An impossible Parisian fantasy

We watched “Midnight in Paris” last night.  It was lovely!  As surprising as this may sound, I’m not a person who likes unexplained events, and usually something like the time travel that main character Gill Pender (played by Owen Wilson) experiences would drive me crazy.  In this case, though, they didn’t try to explain it, or even dwell on its bizarreness, so I was able to sit back and enjoy without over-analyzing!

Here’s a quick précis for those of you who haven’t seen it: Pender, a successful but unhappy screenwriter from Hollywood, is in Paris with his highly irritating fiancée and her parents.  While struggling to write and become the novelist he always dreamed of, he gets transported back to Paris of the 1920s, an era that he has always idealized.  There he encounters a number of famous artists, writers, and musicians, including Ernest Hemingway, F. Scott Fitzgerald, Gertrude Stein, Pablo Picasso, and Salvador Dalí.  These midnight adventures help him to sort out his confusion in his relationship and inspire him to become the writer he’s always wanted to be.  I won’t spoil the rest of it for you!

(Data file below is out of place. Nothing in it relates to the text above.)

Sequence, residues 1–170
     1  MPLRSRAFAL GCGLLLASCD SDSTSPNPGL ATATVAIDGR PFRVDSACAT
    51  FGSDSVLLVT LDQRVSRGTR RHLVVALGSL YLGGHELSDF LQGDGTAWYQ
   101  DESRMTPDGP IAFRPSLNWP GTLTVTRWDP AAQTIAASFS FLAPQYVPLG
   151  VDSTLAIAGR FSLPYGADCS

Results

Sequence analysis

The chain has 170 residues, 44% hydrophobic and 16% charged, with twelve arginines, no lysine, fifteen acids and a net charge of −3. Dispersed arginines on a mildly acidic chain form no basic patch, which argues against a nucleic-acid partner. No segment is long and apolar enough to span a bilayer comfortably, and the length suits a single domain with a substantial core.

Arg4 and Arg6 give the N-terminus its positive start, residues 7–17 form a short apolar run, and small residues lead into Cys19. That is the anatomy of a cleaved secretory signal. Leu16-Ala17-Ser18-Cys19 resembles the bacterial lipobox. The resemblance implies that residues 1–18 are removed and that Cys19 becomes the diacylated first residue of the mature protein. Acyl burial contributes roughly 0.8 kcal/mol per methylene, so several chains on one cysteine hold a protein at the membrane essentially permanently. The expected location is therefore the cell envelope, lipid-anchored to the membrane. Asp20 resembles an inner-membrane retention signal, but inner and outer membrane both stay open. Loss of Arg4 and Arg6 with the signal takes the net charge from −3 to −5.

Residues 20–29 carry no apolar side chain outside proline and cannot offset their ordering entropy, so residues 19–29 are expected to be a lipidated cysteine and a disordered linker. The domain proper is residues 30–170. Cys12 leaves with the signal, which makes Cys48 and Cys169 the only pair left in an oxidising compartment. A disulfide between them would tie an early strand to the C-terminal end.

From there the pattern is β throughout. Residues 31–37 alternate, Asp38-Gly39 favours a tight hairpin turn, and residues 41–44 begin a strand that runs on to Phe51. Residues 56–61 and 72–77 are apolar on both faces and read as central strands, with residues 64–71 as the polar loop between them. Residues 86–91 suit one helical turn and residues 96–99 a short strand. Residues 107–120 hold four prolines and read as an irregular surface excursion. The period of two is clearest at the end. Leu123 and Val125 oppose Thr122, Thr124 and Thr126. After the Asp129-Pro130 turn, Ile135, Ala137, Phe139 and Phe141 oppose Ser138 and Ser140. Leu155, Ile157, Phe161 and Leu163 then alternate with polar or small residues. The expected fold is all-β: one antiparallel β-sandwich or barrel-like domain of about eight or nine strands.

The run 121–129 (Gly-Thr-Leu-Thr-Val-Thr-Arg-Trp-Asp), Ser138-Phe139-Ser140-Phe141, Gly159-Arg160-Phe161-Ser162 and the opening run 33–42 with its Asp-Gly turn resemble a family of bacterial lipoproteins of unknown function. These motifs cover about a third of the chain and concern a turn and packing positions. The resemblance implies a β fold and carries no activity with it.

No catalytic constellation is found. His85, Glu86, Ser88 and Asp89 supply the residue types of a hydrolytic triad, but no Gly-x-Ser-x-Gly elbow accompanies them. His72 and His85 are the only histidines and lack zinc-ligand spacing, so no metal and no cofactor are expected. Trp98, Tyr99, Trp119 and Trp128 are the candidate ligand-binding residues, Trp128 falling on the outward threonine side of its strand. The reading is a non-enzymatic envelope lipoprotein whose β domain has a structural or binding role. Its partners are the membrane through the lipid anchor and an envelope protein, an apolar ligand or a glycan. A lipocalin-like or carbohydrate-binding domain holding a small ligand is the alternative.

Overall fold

"Midnight in Paris"

While watching, however, I felt a bit indignant.  An innermost fantasy of mine had been plagiarized!  You see, I too have always wanted to live in Paris of the ’20s.  I planned it out years ago.  I’d live in a tiny attic with a futon on the floor, a writing desk under the only window that looks out over the roofs and spires, limitless Moleskine notebooks and black fountain pens as my tools.  I would live off baguettes and Brie, washed down with red wine, and wander the streets for inspiration when I wasn’t writing madly.  If I ran out of francs to pay for my food, I’d dust off my violin and sit on a street corner, case open at my feet, serenading the passersby till I could buy my supper.

Alas, this fantasy offers no place for the children and husband I so dearly love, so I wouldn’t trade my current life for it, even if it were possible!  But “Midnight in Paris” illustrated a world so clearly imagined in my own mind that I was astonished.  Perhaps my dream is actually a common one!  What a strange thought.

I do recommend this movie for anyone who loves literature and/or Paris!  Has anyone else seen it?  What do you think?


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